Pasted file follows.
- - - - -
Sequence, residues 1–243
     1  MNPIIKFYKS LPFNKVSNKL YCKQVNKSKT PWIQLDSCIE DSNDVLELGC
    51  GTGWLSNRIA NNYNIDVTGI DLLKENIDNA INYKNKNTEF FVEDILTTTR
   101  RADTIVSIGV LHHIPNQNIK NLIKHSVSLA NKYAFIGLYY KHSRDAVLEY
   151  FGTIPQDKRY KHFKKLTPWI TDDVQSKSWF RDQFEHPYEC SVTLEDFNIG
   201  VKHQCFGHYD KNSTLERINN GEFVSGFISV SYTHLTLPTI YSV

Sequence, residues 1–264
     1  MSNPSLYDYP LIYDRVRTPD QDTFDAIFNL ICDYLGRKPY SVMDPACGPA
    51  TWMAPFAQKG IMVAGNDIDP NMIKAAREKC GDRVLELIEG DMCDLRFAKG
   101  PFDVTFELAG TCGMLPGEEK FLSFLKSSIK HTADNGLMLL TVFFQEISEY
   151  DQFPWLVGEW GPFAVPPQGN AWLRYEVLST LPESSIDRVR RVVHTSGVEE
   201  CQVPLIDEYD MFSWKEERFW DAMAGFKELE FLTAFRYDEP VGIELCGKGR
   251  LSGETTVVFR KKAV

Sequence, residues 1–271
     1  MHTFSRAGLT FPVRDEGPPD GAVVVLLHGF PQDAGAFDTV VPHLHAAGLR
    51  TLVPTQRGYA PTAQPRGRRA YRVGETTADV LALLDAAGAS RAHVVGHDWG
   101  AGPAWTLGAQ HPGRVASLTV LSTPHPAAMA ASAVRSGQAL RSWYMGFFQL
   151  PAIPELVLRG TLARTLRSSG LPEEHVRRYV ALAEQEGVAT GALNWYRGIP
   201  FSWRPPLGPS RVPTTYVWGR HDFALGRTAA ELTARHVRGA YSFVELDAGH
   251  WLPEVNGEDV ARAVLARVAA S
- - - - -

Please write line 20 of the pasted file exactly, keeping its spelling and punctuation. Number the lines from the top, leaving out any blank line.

   251  WLPEVNGEDV ARAVLARVAA S